Poll: Americans Taking London Attacks in Stride

If the recent attacks were meant to heighten public fear, the strategy isn't working: Americans are taking the London terrorist bombings in stride, with no increase in public concern about the threat of terrorism overall, or in terms of personal safety.

Sampling, data collection and tabulation for this poll were done by TNS.

Seventy-three percent of Americans in a new ABC News/Washington Post poll say they're worried about the possibility of another major terrorist attack in the United States -- about the same as the average since October 2001. That includes 30 percent who are worried "a great deal" about another attack, also very near the average.

In terms of personal safety, 31 percent are worried that they themselves might become a victim of terrorism, and just 9 percent are worried a great deal about it. These, too, are very close to their averages since shortly after Sept. 11, 2001.

Worried About Another Attack?
  NET Great deal Somewhat Not much/none
Now   73%   30   43   27
Average since 10/01   74   29   45   25

Worried about being a victim?
  NET Great deal Somewhat Not much/none
Now   31%   9   22   68
Average since 10/01   34   9   24   66

Official measures and pronouncements meant to reassure the public may be one factor, but so is a general public resilience in the face of adversity, shown, for example, in polls after 9/11 and also after the anthrax attacks in the fall of 2001.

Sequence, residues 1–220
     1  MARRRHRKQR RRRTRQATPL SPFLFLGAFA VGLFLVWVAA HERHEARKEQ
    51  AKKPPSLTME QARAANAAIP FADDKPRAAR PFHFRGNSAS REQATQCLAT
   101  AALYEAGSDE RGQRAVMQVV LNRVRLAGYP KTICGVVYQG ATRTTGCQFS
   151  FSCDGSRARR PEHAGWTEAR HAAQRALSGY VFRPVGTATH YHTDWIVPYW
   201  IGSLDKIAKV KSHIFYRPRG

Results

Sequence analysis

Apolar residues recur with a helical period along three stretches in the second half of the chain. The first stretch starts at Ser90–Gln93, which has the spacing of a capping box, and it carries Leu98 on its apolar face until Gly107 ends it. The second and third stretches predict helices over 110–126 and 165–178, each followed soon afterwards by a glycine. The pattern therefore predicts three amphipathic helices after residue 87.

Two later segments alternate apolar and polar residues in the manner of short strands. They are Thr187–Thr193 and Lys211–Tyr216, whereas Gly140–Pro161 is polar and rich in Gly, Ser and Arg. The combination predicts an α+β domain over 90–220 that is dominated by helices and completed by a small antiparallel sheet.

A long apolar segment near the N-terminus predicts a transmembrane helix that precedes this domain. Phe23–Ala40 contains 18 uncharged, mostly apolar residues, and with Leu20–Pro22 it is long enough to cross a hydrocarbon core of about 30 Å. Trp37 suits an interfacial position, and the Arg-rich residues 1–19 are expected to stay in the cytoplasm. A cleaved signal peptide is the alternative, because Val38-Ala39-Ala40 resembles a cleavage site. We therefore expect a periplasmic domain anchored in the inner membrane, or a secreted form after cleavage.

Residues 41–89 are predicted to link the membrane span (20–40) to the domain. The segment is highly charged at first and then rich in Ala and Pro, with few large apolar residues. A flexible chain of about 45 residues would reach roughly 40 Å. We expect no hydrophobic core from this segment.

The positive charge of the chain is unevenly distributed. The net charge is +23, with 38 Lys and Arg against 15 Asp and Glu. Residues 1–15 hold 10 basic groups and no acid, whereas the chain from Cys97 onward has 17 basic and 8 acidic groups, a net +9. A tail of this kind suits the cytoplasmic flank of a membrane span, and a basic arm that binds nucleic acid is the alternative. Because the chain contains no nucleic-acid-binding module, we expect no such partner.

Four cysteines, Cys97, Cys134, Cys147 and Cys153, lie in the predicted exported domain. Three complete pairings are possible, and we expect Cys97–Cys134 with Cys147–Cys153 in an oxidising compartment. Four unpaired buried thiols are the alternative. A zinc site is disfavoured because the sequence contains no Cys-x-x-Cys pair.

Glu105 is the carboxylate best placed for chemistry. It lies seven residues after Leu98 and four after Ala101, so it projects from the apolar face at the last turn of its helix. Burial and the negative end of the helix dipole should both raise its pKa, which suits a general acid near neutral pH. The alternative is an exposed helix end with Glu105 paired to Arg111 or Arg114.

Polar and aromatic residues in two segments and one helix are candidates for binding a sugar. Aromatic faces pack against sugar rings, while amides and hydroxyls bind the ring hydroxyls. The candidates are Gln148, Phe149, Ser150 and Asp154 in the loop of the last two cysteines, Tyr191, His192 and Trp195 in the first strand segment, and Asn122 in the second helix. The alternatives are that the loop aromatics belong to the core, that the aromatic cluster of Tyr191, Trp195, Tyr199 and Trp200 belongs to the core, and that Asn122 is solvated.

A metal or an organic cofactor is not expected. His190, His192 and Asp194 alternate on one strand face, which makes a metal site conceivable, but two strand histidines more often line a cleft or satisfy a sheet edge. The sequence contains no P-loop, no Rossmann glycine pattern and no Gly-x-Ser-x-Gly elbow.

Concern about terrorism is higher in some groups than others. For example, women are more likely than men to worry about another major attack in the United States and to be concerned that they themselves will be victims. Concern about terrorism is also higher in the Northeast, which has already been directly attacked, than elsewhere in the country. Forty-two percent of Northeasterners worry about being a victim of a terrorist attack, compared to just over a quarter of those in the Midwest and West.

Although the recent terrorist attacks took place around downtown London, urban residents in the United States are not more likely than those who live in suburbs or rural areas to be concerned about an attack in this country or one that hurts them.

Terrorist bombs in the London subways and on a bus killed 56 people July 7. A similar attack yesterday failed when the backpack bombs didn't ignite.


This ABC News poll was conducted by telephone July 21, 2005, among a random national sample of 500 adults. The results have a 4.5-point error margin. Sampling, data collection and tabulation by TNS Intersearch of Horsham, Pa.

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